Photo credit Josh Bouma, Puget Sound Restoration Fund
Pinto Abalone

Pinto Abalone

The Clallam Marine Resources Committee is embarking on a comprehensive survey initiative to assess the status of endangered Pinto Abalone. By gathering population data through dive surveys, we aim to inform restoration priorities for this critical species. 

 

The pinto (northern) abalone, Haliotis kamtschatkana, is the primary abalone species indigenous to Washington waters. This large gastropod plays a vital ecological role as an herbivorous grazer that maintains rocky reef habitat for settlement of other invertebrates and canopy kelp. Populations are severely depleted throughout their range in this state and considered functionally extinct.

This is largely due to anthropogenic factors, including overharvesting during the legal recreational fishery and poaching during the 1980-90s (Bouma 2007, Carson and Ulrich 2019). Anecdotal evidence suggests significant poaching occurred in the Strait of Juan de Fuca during the late 1980s and early 1990s.

Pinto abalone are now listed as a Washington State Endangered Species as of May 2019, and are also listed as a U.S. Federal Species of Concern and a Canadian Endangered Species (Sowul et al. 2022). The low density of abalone means that individuals may not be able to find each other and reproduce successfully, accelerating population decline.

Steps are being taken to help restore the pinto abalone population in northern Puget Sound waters. Puget Sound Restoration Fund (PSRF), with oversight from WDFW, has developed a conservation aquaculture program designed to supplement depleted wild stocks. The hatchery, wet laboratory and nursery facilities, named the Kenneth K. Chew Center for Shellfish Research and Restoration (Chew Center), are located at the NOAA Marine Fisheries Research Station in Manchester, WA. Juvenile outplanting and monitoring have been underway since 2009.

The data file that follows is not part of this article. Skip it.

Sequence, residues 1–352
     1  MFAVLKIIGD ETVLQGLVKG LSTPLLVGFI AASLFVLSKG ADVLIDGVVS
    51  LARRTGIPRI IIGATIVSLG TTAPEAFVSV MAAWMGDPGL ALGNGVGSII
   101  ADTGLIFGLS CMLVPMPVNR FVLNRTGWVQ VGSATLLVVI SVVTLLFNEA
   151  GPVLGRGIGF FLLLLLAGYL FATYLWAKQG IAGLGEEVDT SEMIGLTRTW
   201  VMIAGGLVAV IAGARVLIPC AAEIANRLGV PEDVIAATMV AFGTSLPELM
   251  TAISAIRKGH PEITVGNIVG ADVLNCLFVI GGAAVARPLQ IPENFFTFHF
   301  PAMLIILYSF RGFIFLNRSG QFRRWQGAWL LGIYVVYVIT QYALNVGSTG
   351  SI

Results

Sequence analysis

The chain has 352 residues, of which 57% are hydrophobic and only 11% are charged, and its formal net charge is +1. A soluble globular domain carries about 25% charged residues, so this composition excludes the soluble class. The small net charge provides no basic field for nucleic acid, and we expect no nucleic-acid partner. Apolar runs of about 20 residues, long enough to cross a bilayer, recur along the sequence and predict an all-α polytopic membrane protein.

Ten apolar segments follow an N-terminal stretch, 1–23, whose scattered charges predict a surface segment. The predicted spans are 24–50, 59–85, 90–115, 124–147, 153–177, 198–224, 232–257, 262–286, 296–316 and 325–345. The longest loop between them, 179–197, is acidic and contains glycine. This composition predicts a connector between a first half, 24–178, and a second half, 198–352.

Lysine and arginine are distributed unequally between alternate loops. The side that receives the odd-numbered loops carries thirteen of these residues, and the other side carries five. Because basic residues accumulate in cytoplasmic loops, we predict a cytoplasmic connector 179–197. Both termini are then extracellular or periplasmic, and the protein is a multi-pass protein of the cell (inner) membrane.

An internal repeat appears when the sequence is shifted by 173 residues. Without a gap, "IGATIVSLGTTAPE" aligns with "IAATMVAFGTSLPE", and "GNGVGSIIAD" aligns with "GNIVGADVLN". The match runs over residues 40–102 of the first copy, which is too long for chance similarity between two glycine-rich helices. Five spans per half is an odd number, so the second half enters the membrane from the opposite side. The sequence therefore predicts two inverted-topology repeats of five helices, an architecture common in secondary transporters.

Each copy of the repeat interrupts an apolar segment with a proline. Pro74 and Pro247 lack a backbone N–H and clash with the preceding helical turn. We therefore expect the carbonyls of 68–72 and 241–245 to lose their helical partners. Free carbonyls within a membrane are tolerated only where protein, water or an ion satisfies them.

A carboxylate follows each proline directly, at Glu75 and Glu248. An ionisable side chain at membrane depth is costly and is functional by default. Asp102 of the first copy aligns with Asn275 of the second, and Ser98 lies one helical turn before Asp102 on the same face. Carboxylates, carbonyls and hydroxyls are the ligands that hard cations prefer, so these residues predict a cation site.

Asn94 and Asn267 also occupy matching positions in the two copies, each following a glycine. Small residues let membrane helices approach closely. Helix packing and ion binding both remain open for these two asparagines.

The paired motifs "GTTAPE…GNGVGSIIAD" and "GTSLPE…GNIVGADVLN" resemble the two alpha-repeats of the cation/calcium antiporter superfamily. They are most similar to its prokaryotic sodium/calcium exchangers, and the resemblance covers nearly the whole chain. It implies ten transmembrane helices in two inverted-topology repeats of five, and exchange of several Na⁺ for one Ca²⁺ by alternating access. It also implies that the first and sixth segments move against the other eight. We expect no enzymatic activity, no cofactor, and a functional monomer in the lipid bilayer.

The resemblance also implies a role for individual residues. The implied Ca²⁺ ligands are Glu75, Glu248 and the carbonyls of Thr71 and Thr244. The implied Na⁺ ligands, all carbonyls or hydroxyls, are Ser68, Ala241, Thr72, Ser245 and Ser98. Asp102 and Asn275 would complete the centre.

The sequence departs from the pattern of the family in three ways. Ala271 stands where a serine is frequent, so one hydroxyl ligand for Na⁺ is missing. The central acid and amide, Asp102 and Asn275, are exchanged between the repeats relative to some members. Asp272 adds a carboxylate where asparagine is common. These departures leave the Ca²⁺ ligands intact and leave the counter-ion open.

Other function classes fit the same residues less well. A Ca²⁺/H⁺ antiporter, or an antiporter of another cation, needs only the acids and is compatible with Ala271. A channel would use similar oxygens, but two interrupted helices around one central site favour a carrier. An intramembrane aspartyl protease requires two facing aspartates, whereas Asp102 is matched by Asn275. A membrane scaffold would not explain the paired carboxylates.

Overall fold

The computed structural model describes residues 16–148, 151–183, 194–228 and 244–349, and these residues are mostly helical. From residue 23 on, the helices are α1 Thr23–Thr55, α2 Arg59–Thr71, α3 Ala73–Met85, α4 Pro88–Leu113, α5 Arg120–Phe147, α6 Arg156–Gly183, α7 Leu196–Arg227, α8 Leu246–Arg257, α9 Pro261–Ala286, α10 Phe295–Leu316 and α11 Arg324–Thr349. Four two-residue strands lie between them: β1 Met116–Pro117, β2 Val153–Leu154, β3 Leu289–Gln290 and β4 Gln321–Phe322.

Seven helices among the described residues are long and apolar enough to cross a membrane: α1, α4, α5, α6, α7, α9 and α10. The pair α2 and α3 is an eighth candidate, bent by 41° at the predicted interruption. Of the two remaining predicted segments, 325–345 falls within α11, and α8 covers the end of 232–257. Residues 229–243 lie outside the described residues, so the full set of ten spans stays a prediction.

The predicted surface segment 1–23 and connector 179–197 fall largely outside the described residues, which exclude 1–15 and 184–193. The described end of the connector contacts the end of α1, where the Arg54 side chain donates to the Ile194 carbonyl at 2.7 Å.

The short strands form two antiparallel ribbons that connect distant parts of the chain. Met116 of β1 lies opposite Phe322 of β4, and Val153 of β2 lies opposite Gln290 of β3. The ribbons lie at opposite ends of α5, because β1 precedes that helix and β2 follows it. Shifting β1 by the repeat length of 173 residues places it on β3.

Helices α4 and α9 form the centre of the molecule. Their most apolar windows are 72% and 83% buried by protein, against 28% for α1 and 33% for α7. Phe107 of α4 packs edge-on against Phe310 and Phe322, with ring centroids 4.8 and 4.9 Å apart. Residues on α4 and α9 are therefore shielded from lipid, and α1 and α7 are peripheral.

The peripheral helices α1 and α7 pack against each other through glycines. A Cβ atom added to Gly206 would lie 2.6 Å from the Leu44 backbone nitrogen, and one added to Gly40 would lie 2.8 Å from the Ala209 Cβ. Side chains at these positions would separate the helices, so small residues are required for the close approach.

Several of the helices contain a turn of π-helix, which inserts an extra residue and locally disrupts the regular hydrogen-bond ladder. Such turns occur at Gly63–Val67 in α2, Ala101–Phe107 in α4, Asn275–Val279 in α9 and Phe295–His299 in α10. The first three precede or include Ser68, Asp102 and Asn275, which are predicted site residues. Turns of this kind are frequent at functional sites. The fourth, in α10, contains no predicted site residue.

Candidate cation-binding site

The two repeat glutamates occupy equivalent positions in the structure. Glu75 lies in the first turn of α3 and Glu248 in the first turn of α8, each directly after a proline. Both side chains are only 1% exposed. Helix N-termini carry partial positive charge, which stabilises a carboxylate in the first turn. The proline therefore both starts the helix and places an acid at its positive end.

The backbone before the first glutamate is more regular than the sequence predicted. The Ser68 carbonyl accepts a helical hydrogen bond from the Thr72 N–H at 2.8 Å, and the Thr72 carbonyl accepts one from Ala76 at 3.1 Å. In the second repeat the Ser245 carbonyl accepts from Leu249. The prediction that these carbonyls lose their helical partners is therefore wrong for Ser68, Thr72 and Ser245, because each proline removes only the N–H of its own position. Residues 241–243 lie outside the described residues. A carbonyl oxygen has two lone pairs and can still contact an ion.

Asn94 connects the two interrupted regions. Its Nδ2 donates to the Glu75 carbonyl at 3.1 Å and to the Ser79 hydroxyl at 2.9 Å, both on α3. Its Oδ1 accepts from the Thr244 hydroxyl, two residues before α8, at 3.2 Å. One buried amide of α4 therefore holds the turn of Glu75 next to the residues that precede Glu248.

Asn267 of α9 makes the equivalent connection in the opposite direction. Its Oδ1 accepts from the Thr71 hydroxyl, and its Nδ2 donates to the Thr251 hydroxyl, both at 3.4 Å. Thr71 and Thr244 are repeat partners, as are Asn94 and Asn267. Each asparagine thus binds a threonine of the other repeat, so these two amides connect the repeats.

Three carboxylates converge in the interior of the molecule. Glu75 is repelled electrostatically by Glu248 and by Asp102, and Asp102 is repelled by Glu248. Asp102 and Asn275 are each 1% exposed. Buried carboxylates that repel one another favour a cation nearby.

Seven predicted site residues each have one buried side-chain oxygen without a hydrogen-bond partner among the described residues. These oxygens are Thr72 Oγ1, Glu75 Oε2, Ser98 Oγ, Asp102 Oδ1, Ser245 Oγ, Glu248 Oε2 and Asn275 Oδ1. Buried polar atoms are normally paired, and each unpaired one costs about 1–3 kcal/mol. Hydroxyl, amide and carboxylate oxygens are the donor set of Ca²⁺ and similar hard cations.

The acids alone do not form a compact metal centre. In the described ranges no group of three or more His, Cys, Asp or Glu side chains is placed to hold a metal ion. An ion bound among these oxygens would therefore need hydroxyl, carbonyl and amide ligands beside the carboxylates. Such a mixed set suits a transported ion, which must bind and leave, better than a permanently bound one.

The recovery project is a long-term collaboration between government agencies, NGOs, universities, tribes and more. This group includes researchers, managers, students and facilities support from WDFW, PSRF, Western Washington University’s Shannon Point Marine Center (WWU SPMC), the NOAA Manchester Research Station, the Port Townsend Marine Science Center (PTMSC), the University of Washington, School of Aquatic & Fishery Sciences (UW), the Seattle Aquarium and others.

PSRF and CCMRC aim to build on the survey work conducted in the San Juan Islands by initiating a synoptic population study at select locations along the Strait to identify remnant pinto abalone populations and assess potentially suitable areas for juvenile outplanting in a subsequent project phase.

Dive surveys are currently planned for 2024 and 2025 in two study areas: Port Angeles and Pillar Point.

 

Check out Washington Sea Grant's page on Pinto Abalone for more on their importance and critically endangered status, or the 2014 report through the Protected Resources Program Office on restoration options specific to the Pacific Northwest.

Pinto Abalone